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Substituting organic manure for compound fertilizer increases yield and decreases NH3 and N2O emissions in an intensive vegetable production systems
- Zhang, Jing, Zhuang, Minghao, Shan, Nan, Zhao, Qi, Li, Hu, Wang, Ligang
- The Science of the total environment 2019 v.670 pp. 1184-1189
- agroecosystems, ammonia, biochar, compound fertilizers, crop yield, greenhouse experimentation, greenhouse gas emissions, nitrogen, nitrogen cycle, nitrous oxide, pig manure, production technology, straw, swine, vegetable growing, vegetables, China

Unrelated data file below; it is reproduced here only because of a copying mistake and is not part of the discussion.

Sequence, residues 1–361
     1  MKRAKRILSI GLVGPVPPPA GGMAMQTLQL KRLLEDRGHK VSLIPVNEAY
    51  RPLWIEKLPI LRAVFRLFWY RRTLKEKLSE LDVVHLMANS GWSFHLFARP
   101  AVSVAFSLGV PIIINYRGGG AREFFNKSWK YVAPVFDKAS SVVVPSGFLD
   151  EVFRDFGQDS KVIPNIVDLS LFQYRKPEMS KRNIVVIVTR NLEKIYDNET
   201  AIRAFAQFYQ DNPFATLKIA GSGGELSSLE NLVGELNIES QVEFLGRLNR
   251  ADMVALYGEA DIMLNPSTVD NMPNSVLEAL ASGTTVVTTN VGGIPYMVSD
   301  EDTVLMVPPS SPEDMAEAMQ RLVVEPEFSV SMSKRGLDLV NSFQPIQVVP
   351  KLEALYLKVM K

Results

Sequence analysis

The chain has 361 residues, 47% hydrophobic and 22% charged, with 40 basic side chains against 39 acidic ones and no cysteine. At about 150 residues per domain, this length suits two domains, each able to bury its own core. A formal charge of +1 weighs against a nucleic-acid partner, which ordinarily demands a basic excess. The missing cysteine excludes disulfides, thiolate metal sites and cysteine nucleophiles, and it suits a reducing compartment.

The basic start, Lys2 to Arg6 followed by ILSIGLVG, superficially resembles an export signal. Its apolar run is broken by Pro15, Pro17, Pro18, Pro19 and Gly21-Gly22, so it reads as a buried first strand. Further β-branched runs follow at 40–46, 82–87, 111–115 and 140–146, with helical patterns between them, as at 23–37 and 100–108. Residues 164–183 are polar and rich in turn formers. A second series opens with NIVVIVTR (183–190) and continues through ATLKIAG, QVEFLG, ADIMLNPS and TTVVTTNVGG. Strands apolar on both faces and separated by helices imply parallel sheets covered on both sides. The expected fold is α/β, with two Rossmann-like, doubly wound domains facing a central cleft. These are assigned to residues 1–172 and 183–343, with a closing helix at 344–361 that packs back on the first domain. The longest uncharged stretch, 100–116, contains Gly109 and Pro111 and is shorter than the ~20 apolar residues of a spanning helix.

- Substituting organic manure for compound fertilizer may play an important role in regulating the nitrogen (N) cycle and consequently affecting crop yield in agroecosystems. However, how substituting different organic manures for compound fertilizer affects crop yield and ammonia (NH3) and nitrous oxide (N2O) emissions in the vegetable system during the life-cycle production (including storage and field application) remains poorly elucidated. Thus, we conducted a greenhouse experiment to investigate the effects of substituting organic manure species, i.e., stored swine manure fertilizer (SS), swine manure covered by straw (CS), stored swine fertilizer mixed with biochar (BS), and stored swine manure fertilizer with void expansion (OS) for compound fertilizer (FC) on rapeseed yield and NH3 and N2O emissions in a rapeseed-cropping system in China. The results showed that the total gaseous N losses (NH3 and N2O) were 1.6, 1.4 and 1.1 times higher in SS, CS and OS than FC, respectively. However, total gaseous N losses in BS was 0.9 times less than FC. Compared with FC, rapeseed yield and N uptake in SS and CS were decreased by 17.2–20.2% and 16.0%–28.1%, respectively, but which were increased by 7.3% and 54.1% in BS, respectively. In addition, OS decreased rapeseed yield by 17.2%, but increased N uptake by 8.5%. Therefore, the effects of substituting organic manure for compound fertilizer on rapeseed yield, N uptake, NH3 and N2O varied regarding different organic manure species. Adopting stored swine fertilizer mixed with biochar might be a sound management practice to reduce gaseous N losses and enhance N uptake and yield in intensive vegetable production systems.